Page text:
The Committees of Advertising Practics (CSA) have ruled that broadband providers can no longer advertise downlaod speeds that the majority of their users will not be able to obtain. As of 23rd May 2018, ISPs can only advertise average speeds that at least 50% of thier userbase can achieve between 8pm and 10pm.
Until now, these adverts tended to use the phrase "Up to". They would then quote figures that only the top 10% of users could obtain in ideal situations. While technically correct, "Up To" hides the fact that most people will never see these speeds.
As we have mentioned before, your broadband speed is usually either dictated by the distance from the phone exchange if you have traditional ADSL broadband, or your distance from your closet BT cabinet if you have fibre broadband (there are some exceptions to this, but these very rarely apply to residential broadband, to which these rules apply). The further your house is from the exchange / cabinet, the slower your connection will be. The best case scenario for an ADSL subscriber is 20Mbps download speeds, and 80Mbps download speeds on fibre (another exception here - Virgin offer higher speeds as they are not constrained by the part copper element of the BT network).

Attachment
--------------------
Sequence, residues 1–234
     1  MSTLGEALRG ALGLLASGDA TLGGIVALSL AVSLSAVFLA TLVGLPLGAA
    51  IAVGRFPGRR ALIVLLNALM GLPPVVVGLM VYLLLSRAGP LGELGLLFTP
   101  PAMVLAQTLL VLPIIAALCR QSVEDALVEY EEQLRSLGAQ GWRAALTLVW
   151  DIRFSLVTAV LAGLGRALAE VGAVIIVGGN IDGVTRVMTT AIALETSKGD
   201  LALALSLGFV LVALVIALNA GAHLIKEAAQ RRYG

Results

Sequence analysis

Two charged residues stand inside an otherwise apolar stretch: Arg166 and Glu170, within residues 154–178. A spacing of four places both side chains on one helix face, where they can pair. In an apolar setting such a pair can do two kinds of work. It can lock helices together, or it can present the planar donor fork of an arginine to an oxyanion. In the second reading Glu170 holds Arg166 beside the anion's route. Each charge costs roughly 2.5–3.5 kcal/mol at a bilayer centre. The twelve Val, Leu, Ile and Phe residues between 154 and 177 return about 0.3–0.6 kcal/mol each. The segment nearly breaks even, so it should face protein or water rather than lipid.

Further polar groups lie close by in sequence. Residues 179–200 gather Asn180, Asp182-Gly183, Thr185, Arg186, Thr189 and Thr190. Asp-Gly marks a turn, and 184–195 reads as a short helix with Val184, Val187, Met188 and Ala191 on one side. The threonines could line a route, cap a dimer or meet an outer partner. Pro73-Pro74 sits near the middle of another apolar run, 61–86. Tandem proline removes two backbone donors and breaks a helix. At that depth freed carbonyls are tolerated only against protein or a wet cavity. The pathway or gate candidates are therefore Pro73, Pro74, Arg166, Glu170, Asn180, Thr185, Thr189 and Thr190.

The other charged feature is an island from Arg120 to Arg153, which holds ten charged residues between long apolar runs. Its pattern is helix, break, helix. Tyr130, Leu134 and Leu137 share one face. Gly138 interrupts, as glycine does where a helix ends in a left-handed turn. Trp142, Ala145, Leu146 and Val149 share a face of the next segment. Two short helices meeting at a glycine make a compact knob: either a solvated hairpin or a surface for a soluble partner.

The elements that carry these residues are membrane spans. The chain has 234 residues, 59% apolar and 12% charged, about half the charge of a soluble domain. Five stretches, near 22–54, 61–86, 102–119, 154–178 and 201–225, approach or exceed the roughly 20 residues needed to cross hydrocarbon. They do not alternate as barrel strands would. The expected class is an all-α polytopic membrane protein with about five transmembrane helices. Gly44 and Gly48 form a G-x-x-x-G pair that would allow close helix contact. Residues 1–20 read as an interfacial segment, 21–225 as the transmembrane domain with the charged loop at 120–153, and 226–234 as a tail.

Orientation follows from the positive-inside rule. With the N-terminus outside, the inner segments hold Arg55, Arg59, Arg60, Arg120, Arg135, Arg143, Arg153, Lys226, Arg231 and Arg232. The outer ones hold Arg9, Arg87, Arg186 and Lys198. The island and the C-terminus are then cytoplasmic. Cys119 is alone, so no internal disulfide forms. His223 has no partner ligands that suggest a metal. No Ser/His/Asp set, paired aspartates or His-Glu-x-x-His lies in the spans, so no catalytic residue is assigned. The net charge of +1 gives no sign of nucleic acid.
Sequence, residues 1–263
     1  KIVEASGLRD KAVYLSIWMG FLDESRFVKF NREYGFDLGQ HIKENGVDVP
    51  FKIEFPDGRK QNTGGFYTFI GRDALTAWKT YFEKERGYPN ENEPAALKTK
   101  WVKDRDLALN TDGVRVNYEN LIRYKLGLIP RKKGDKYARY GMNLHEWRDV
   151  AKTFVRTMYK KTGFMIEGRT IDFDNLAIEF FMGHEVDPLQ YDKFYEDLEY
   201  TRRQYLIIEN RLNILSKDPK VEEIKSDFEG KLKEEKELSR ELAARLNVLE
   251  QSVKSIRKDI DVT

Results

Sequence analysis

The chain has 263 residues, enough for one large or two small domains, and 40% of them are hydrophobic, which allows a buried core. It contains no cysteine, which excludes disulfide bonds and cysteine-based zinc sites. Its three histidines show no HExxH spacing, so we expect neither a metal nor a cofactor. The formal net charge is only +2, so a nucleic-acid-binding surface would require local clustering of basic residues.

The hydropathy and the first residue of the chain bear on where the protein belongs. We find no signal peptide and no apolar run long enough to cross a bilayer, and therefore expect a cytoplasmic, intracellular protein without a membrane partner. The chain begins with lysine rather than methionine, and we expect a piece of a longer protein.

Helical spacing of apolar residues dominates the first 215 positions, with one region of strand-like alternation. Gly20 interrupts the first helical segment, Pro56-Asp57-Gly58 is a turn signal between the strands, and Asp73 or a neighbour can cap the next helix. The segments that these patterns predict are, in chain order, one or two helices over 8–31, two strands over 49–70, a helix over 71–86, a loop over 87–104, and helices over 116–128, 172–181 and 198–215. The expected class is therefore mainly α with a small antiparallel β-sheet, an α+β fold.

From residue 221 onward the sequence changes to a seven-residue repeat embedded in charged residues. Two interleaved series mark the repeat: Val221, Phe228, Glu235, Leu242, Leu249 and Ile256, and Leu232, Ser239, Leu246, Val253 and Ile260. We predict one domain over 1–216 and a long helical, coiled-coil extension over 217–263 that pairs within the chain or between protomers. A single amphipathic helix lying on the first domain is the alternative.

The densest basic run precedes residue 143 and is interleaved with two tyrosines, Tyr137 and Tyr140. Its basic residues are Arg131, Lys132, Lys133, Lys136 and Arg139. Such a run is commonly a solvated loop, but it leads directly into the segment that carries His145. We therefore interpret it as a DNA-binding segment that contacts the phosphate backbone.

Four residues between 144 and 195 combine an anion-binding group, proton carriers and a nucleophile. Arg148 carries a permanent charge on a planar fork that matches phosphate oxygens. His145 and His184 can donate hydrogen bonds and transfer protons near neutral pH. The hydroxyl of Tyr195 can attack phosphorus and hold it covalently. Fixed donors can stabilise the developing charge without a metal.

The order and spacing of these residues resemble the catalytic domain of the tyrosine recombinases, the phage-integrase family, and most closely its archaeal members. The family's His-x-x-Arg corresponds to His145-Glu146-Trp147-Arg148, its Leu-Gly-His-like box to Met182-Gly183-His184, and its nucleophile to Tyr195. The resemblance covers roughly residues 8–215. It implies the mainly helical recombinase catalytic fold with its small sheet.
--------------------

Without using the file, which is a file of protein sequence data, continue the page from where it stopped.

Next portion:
Note that nothing will actually change for consumers as far as the speed they can actually get. If a company starts advertising an average speed of 60Mbps where they were previously advertising "up to" 78Mbps, the actual speed you will see will be identical in both cases.